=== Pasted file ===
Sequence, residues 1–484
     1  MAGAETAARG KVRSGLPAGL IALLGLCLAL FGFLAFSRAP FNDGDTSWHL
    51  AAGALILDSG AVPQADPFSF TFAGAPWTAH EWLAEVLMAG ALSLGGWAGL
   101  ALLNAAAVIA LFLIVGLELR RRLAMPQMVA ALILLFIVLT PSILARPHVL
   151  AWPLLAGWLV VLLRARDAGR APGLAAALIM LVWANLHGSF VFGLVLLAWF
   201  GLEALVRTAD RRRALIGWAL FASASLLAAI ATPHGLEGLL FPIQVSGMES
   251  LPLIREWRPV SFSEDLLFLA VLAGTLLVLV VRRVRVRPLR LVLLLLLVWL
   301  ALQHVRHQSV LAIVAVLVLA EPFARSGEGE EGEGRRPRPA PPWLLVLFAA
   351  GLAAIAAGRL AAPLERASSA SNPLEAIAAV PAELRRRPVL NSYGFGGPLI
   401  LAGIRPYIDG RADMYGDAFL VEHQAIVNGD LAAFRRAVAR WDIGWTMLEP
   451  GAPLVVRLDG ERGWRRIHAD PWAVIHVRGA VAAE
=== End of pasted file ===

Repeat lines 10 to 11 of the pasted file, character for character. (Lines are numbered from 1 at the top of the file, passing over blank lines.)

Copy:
   401  LAGIRPYIDG RADMYGDAFL VEHQAIVNGD LAAFRRAVAR WDIGWTMLEP
   451  GAPLVVRLDG ERGWRRIHAD PWAVIHVRGA VAAE